“One of one of them I called ‘Patriotism to Terrorism,’” Sonny said. “And it was about how after each of the wars — after the Civil War, after World War I — that the numbers of the Klans grew pretty considerably.”
Leland, too, joined the Navy when he was 18, in 1969. He served for a short time before moving to Natchitoches to study math and accounting at Northwestern State University.
Unable to afford college expenses, Leland dropped out and managed a local store for some time. He held a variety of jobs throughout his life, including being a youth pastor.
Leland married his wife in 1970. They have three daughters and nine grandchildren.
Leland recalled a time when Earcel visited him and his wife at their home in Natchitoches. The “n-word” was a regular part of Earcel’s vocabulary, but Leland did not tolerate that kind of language in his home. He told his father that was not allowed.
“‘I'm your dad,’” Earcel responded.
“‘I don’t care who you are. That’s not allowed in this house,’” Leland told him.
Leland and Sonny say Klan activity began dying down around the time Sonny left for the Navy in 1967, especially as local schools integrated. Leland said life went on more normally from that point forward. The bombings had largely stopped, and Earcel continued worked at Armstrong Tire and Rubber until he became ill many years later.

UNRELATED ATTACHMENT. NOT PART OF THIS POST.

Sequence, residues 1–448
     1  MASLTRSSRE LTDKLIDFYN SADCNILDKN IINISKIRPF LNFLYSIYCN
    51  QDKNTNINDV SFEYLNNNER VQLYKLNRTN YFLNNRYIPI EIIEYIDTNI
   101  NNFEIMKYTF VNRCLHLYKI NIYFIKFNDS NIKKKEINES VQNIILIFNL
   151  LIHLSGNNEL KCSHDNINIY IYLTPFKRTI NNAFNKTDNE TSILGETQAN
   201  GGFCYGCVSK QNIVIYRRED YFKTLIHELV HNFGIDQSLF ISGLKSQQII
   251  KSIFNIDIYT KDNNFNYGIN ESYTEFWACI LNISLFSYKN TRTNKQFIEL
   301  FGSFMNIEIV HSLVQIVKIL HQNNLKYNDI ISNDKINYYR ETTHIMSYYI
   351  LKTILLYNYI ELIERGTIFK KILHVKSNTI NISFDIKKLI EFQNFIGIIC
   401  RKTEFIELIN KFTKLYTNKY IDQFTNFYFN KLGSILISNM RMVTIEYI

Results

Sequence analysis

“After the place was integrated, it had been done,” Sonny said. “There was nothing else for (the Klan) to fight,” Sonny said. “They lost.”
Earcel fought lung cancer for four years before he had a stroke in 1987 that partially paralyzed his left leg and arm. Leland was with his father shortly before he died the following year.
Earcel was like “a skeleton,” Leland said, and he struggled to speak, taking a gasp between each word.
“You’re torturing yourself. You need to give up and go,” Leland told his father.
Earcel told Leland he was scared. Leland said that if he believed half of the things he preached as a minister, he should not be worried. Leland prayed a sinner’s prayer with his father shortly before he passed.
Sonny did not get the same kind of closure. He spoke to his father in 1987 and tried visiting again with his wife a year later, but it was too late.
“I was never able to reconcile some of the things that I had with him,” Sonny said.
Making some very subtle distinctions, Sonny added: “I never really understood if he was a true bigot, or a separatist or a segregationist. Was he a true white supremacist? To be honest with you, I never really understood that. I don't understand it to this day.”